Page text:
SIU aviation team soaring to new heights

By Storey Mayer

After winning the national championship in 2011, the Flying Salukis kept expectations high when they won the 2014 National Intercollegiate Flying Association Championship in May.

The championship was held from May 12-17 at the Ohio State University Airport in Columbus, Ohio.

The Flying Salukis have won nine championships in its history, and finished in third place in 2012 and 2013.


Jacob Schwarz, a junior studying aviation management from St. Charles, Mo., said a Flying Saluki embodies the traits of motivation, perseverance and total dedication.

The team is evaluated during tryouts by the head and assistant coaches. The team members quickly dive into training and preparation for the regional challenge, which takes place within five to six weeks of making the team.

Dave NewMyer, chairperson of SIU’s Department of Aviation Management and Flight, said the practices are intense.

He said Flying Saluki teammates spend countless hours in the classroom and the cockpit preparing for events and often stay until late in the night perfecting their craft.

James Libuszowski, assistant instructor of aviation management and flight, is one of the assistant coaches, as well as a former Flying Saluki team member. He said the practice strategies are kept tight-lipped, a technique that he said keeps the team’s tactics unknown from other competitors.

The competitions are divided into ground and flight categories. These two are then broken down to 11 subcategories.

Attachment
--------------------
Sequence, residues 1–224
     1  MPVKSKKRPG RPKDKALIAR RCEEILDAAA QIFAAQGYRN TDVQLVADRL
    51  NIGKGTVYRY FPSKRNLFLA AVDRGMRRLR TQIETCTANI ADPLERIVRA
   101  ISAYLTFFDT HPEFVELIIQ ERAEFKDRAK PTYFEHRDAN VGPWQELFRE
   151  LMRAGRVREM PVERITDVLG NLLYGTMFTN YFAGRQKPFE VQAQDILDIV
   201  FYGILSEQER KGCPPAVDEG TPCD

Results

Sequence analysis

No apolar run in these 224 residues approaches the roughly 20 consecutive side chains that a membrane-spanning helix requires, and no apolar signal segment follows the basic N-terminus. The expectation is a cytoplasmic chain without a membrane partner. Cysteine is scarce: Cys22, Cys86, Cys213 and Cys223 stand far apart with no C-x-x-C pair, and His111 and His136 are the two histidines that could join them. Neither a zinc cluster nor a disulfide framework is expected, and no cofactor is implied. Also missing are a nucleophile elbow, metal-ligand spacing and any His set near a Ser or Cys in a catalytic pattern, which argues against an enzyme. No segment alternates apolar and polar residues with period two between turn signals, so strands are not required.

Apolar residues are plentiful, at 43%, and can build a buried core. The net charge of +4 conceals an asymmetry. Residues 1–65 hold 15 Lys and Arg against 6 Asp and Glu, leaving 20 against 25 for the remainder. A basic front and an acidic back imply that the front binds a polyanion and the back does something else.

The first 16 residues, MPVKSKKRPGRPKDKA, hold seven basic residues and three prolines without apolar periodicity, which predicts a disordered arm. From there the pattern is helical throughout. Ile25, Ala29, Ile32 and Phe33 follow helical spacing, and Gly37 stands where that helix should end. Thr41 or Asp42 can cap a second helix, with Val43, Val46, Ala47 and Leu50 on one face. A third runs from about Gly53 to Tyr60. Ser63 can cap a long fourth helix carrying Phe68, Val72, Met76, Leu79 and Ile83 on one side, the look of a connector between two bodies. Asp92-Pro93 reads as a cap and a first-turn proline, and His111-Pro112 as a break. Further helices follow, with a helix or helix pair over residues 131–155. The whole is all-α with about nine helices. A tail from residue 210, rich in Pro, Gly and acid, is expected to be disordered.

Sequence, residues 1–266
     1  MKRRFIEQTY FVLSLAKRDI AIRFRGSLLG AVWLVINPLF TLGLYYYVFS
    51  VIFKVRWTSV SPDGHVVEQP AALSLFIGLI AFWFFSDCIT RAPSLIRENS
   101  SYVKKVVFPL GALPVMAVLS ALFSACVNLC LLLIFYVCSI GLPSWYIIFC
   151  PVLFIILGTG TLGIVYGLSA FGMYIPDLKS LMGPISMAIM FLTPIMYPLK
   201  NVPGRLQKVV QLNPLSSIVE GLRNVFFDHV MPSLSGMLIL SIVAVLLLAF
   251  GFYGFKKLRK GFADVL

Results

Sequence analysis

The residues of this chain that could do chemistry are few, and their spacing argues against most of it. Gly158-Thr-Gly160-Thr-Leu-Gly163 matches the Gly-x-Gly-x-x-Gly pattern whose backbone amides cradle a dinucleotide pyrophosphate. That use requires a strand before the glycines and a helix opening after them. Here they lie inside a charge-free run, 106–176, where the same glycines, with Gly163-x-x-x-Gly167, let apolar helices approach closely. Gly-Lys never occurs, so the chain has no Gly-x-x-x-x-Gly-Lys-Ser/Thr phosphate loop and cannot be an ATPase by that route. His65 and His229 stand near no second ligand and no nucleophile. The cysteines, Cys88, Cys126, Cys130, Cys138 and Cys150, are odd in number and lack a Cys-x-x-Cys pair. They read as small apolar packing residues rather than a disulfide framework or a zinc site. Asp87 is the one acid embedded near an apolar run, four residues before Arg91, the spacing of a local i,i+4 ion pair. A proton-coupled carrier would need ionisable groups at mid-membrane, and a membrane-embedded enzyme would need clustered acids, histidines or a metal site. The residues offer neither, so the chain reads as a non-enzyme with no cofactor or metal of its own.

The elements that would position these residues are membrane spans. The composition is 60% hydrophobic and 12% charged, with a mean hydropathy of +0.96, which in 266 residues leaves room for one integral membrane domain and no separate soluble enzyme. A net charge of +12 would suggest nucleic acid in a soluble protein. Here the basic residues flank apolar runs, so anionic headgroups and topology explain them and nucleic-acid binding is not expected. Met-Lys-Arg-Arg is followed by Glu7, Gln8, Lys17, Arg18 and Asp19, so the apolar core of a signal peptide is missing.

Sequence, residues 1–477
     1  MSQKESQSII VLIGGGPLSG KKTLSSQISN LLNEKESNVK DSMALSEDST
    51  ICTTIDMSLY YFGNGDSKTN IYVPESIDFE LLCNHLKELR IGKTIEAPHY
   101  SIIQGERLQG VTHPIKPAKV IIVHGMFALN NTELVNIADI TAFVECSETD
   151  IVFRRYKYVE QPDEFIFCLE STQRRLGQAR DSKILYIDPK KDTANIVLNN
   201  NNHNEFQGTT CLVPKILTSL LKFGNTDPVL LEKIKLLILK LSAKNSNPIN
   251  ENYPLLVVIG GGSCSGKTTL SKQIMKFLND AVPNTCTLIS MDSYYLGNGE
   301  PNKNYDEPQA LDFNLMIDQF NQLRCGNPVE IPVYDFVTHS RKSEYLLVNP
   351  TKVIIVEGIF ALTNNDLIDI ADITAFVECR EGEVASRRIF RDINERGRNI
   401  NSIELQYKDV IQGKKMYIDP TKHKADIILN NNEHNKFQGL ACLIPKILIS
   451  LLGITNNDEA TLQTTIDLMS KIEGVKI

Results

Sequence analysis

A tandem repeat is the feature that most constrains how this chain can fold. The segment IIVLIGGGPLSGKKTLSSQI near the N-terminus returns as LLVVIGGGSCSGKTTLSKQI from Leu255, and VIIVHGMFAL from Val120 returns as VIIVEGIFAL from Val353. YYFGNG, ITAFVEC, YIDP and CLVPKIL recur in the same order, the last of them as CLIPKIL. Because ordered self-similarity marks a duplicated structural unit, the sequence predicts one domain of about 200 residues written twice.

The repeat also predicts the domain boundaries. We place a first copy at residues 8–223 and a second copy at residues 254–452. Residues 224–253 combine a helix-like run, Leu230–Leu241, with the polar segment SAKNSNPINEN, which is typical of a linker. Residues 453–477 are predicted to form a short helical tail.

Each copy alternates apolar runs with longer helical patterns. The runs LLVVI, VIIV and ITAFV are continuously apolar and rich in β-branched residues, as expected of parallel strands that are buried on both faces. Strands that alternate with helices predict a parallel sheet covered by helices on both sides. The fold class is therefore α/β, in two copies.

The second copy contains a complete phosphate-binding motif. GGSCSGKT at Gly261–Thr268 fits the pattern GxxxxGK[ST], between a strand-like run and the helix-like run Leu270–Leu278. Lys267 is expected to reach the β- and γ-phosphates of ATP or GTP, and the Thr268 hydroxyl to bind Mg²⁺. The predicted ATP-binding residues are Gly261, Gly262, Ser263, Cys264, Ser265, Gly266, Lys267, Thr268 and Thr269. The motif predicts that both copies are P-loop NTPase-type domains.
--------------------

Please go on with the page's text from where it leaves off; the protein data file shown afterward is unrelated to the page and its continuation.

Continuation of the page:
Future pilots focus on events that will allow them to use their aviation skills in the air.


One example is the message drop, an event that NewMyer said is a civilian version of a bomb drop. The contender, known as a drop master, has to release a 5-pound sack of flour from nearly 500 feet in the air while traveling around 70-90 mph and land the sack as close to the target as possible.

Other aviation-related majors, such as aviation mechanics, excel at the ground events.

More inexperienced students often begin in the ground events until they gain more experience in the cockpit. In one event, a plane is “bugged,” or purposely made to have defects. The competitor is given 15 minutes to perform the inspection and detect all the anomalies. Whoever completes the inspection the most efficiently and quickly wins.

The Flying Salukis are a smaller team with only 14 members, compared to the second-place finisher, Embry-Riddle Aeronautical University – Prescott, a team that competes with 20-30 members. Because of its limited numbers, the Flying Salukis dedicate most of their time and practice to a specific event.

Rather than let the high expectations intimidate them, the team said they use it as a personal challenge and goal setter. Each year the team members emphasize their coined phrase, “This is OUR year,” to encourage each other to excel.

After the weeklong national competition, the awards ceremony was held following the last day of the competition. At the ceremony, all of the individual winners were announced as well as overall team winners.

Despite the team having confidence, they were still shocked by the results.

“We were pretty surprised,” Libuszowski said. “We felt we did well, but it is always an unreal feeling to be announced as national champions.”

The Flying Salukis knew they had a chance at 1st-place overall because of their first-place win in the flight categories. But with 4th-place in ground events, they were not sure if they could pull it off.

The team was supported by a group of parents, grandparents, brothers, sisters and coaches, who traveled all the way to Ohio to see the team perform.

NewMyer said the success was not only beneficial and exciting for the team, but for the university as a whole.

“It shows that we (SIU) are winners,” NewMyer said. “We are able to brag on a number of fronts and it adds to the legend of the university.”

Storey Mayer can be reached at [email protected] 

or 536-3311 ext. 254